The recovery process involved our engineering team building and deploying a series of targeted scripts while also working closely with our customer support team to identify and resolve issues alongside affected customers.
First, I want to be very clear that the website downtime some of our customers experienced is unacceptable. This doesn’t just impact our customers. It impacts their customers and prospects as well.
Something that we emphasize at HubSpot is that we’re going to make mistakes, and that’s natural — but when we make mistakes, we make sure we learn from them to avoid repeating similar issues in the future. Our engineering team is doing everything possible to ensure that this will not happen again.
There are several big changes we’re making to help prevent this in the future. First, in the short term, we’ve removed all the old trial expiration dates from our system so that no more paid portals can be considered expired again. In addition, we’re sunsetting our old system for managing trials and moving to a more modern system that manages trial status in its own database. As part of this modernization, we’re going to simplify how we handle deactivation and make sure we only take simple, reversible actions until a much longer grace period has elapsed. We’re also going to improve our systems to detect anomalous changes to our product configuration code and halt any modifications that make too many changes at one time.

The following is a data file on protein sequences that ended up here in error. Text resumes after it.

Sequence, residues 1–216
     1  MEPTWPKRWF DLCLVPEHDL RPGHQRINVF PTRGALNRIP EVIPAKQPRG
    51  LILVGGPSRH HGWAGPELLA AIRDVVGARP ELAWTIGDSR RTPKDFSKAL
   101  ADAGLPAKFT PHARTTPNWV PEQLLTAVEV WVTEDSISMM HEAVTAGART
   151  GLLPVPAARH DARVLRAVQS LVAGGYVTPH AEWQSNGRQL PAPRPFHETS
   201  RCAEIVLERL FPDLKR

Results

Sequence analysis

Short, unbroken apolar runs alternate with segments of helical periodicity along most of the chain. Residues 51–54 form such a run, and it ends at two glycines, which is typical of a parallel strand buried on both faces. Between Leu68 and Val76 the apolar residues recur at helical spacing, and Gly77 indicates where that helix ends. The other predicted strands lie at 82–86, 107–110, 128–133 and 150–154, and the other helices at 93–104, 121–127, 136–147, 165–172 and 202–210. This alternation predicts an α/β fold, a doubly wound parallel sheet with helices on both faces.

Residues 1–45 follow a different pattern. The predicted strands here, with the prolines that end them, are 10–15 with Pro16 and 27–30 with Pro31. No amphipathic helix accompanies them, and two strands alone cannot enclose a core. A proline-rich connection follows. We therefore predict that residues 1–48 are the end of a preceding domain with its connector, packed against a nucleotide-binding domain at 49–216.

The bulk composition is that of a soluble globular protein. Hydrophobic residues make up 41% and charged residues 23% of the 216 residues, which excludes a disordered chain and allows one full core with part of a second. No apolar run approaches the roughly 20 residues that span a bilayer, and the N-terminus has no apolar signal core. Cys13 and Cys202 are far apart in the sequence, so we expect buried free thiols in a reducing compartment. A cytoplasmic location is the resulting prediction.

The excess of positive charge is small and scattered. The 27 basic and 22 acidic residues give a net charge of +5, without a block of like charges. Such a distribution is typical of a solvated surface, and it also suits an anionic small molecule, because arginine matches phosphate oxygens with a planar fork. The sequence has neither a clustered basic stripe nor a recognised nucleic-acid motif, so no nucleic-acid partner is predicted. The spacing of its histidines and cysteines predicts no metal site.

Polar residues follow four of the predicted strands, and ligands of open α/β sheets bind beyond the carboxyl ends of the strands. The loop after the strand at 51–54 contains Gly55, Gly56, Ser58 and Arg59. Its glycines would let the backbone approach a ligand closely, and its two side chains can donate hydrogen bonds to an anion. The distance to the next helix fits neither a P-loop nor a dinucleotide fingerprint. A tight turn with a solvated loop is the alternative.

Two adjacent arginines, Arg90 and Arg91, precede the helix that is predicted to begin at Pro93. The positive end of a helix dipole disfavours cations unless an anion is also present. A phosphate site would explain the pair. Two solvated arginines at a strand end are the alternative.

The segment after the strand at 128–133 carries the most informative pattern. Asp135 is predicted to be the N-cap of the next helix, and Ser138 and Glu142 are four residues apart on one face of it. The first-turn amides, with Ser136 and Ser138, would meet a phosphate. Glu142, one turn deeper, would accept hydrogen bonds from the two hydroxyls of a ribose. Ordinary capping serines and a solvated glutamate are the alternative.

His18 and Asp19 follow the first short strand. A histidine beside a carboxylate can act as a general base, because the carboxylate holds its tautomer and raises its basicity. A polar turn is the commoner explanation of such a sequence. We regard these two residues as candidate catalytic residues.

Second, we’re going to invest in tools that can quickly revert data for a subset of customers and ensure that systems that update data automatically carefully consider the current state of the data before making any changes. We’re going to work to improve how we handle reactivation so that if a portal loses access due to a legitimate cancellation, expired trial, or bug, we’ll be able to recover that portal back to its full state much more gracefully and quickly.
Third—and this is a small but important change—we’re going to fix how we communicate errors to our customers’ customers so that no error message ever makes it appear that our mistake appears to be our customers’ mistake.
Again, we’re sorry.
If you’re experiencing any additional issues related to this outage, please call HubSpot Support at 1-888-HUBSPOT x3.